A non-jury trial commenced on July 2, 2008. After opening statements, plaintiff testified on his own behalf. He provided a general narrative of how he became involved in the representation of Allen and the actions he took on her behalf. Plaintiff advised that he did not keep contemporaneous time records, feeling it was unnecessary because he represented Allen pursuant to a contingency fee agreement. In the midst of his direct testimony, plaintiff spoke of a certification of services he was attempting to construct and that he would "hand [it] into [sic] Your Honor at the conclusion of my case." After extensive objections and colloquy, plaintiff again indicated that he was "going to submit a certification of my services where I'm going to put the dates, the description of my services and the time, the amount of time that I can approximate as I could, best as I could." The judge responded that he had gathered from plaintiff's earlier comments that the certification of services had already been prepared and that a copy had been sent to defendants; to that plaintiff replied that he had "not yet" finished or finalized the certification and repeated that he would "[a]t the end of the case[, . . .] submit an exhibit reflecting everything I'm testifying to." Defendant objected, asserting that this is exactly what we asked for in discovery. He said he couldn't do it. He said it was nearly impossible yet today he apparently says, oh, I could do it, and I'm going to give it to Your Honor, but I'm going to give it to you at the end of the case. . . . I object to it, Your Honor. We asked for it in discovery. He said he couldn't do it.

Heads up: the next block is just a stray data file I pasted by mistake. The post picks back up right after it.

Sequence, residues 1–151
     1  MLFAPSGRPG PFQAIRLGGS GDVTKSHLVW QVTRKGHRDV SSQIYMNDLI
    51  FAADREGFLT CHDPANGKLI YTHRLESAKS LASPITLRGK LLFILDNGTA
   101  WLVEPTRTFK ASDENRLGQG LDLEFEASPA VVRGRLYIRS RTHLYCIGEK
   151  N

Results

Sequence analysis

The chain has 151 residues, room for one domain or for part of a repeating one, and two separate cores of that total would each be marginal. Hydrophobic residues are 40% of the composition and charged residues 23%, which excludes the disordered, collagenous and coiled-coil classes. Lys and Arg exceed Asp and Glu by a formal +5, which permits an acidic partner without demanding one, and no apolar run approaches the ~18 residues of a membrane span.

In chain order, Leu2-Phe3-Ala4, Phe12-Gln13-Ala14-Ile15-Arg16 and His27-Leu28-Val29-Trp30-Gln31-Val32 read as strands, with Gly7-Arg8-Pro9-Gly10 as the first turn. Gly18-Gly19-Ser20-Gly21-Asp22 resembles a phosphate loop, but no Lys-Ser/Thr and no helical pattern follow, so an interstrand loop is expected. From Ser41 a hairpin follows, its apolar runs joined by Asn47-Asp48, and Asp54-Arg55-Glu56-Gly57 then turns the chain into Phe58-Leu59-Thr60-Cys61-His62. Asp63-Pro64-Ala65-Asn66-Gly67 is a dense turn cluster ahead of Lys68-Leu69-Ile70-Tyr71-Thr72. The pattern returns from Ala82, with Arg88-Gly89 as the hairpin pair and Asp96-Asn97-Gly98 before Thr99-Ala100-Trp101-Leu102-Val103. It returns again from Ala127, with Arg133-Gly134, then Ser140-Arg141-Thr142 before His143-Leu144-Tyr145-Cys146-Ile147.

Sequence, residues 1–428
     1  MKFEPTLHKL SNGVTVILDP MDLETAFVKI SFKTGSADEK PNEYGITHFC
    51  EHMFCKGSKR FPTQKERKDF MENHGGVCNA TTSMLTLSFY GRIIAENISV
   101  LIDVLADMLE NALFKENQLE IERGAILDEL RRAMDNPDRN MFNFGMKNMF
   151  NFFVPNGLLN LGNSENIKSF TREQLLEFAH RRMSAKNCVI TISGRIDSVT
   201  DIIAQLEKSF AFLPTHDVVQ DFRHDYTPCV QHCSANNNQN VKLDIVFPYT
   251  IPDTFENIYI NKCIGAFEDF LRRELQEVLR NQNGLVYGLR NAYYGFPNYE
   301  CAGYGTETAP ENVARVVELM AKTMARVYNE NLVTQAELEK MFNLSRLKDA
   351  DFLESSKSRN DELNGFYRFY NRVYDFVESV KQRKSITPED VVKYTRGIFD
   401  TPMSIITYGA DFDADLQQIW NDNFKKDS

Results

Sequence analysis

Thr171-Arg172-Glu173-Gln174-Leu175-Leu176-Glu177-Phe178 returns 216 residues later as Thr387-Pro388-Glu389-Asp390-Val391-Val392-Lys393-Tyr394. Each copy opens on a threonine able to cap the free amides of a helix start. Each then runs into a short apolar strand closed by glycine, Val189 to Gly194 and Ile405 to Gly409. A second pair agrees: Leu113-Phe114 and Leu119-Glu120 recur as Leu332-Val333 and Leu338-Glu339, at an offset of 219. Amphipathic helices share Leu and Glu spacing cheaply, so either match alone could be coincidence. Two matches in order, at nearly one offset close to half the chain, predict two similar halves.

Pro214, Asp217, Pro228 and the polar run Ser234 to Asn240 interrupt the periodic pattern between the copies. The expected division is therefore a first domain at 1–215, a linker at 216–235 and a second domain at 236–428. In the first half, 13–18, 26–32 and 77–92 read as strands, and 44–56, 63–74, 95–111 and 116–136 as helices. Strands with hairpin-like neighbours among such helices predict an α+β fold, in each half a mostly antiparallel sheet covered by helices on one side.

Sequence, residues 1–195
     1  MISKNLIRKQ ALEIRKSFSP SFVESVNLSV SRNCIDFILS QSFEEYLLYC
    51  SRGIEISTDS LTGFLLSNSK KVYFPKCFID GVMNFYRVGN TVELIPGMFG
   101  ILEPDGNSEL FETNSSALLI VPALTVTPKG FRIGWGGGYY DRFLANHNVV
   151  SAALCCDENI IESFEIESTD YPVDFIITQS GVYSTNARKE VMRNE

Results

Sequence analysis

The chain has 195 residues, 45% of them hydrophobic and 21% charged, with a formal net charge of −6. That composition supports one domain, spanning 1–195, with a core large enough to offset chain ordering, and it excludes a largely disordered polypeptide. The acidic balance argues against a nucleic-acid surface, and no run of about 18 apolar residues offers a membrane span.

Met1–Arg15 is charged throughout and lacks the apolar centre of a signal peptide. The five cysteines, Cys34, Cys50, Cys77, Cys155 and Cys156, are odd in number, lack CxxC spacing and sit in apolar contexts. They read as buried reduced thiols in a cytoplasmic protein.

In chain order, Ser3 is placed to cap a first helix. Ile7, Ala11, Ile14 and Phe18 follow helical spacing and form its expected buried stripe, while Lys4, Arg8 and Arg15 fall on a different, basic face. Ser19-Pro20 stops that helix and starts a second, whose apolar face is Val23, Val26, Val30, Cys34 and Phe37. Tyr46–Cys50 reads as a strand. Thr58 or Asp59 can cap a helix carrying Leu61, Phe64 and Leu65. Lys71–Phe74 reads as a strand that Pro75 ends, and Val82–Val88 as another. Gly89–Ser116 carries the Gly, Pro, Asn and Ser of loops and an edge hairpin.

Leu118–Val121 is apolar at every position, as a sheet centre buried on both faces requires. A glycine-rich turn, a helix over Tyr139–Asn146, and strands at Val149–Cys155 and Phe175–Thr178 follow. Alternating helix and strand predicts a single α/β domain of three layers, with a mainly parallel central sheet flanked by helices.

After hearing additional argument, the judge concluded that plaintiff could not provide the specification contained in a certification of services, which he apparently prepared the night before, because he had provided a sworn answer to an interrogatory that it was "nearly impossible" to provide specifics.

Ultimately, the judge's determination regarding plaintiff's attempt to assign specific amounts of hours to the services he only generally described in discovery formed the basis for the judge's grant of a directed verdict in favor of defendants. In essence, the judge dismissed plaintiff's claims against defendants due to the lack of specificity in plaintiff's proofs and because of his attempt to try the case by way of ambush.

As stated earlier, we find insufficient merit in plaintiff's many arguments in support of the appeal to warrant discussion in a written opinion. We only briefly mention, after having now recounted the relevant circumstances, that the trial judge was entirely justified in dismissing plaintiff's claims against defendants. The dismissal was essentially based on plaintiff's flagrant disregard for the obligations imposed by our discovery rules.